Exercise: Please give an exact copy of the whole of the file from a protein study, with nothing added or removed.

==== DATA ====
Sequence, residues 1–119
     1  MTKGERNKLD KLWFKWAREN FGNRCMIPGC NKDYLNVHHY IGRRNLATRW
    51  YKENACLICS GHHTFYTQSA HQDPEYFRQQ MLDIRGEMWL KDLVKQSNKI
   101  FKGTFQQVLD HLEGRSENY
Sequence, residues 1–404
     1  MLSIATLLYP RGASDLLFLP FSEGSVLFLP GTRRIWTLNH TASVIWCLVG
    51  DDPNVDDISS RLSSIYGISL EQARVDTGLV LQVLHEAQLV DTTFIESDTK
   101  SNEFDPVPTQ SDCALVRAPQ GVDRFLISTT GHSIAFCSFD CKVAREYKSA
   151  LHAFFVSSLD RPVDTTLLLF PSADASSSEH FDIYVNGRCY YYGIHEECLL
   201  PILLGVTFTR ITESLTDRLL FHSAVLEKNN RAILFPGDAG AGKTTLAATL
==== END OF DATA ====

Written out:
Sequence, residues 1–119
     1  MTKGERNKLD KLWFKWAREN FGNRCMIPGC NKDYLNVHHY IGRRNLATRW
    51  YKENACLICS GHHTFYTQSA HQDPEYFRQQ MLDIRGEMWL KDLVKQSNKI
   101  FKGTFQQVLD HLEGRSENY
Sequence, residues 1–404
     1  MLSIATLLYP RGASDLLFLP FSEGSVLFLP GTRRIWTLNH TASVIWCLVG
    51  DDPNVDDISS RLSSIYGISL EQARVDTGLV LQVLHEAQLV DTTFIESDTK
   101  SNEFDPVPTQ SDCALVRAPQ GVDRFLISTT GHSIAFCSFD CKVAREYKSA
   151  LHAFFVSSLD RPVDTTLLLF PSADASSSEH FDIYVNGRCY YYGIHEECLL
   201  PILLGVTFTR ITESLTDRLL FHSAVLEKNN RAILFPGDAG AGKTTLAATL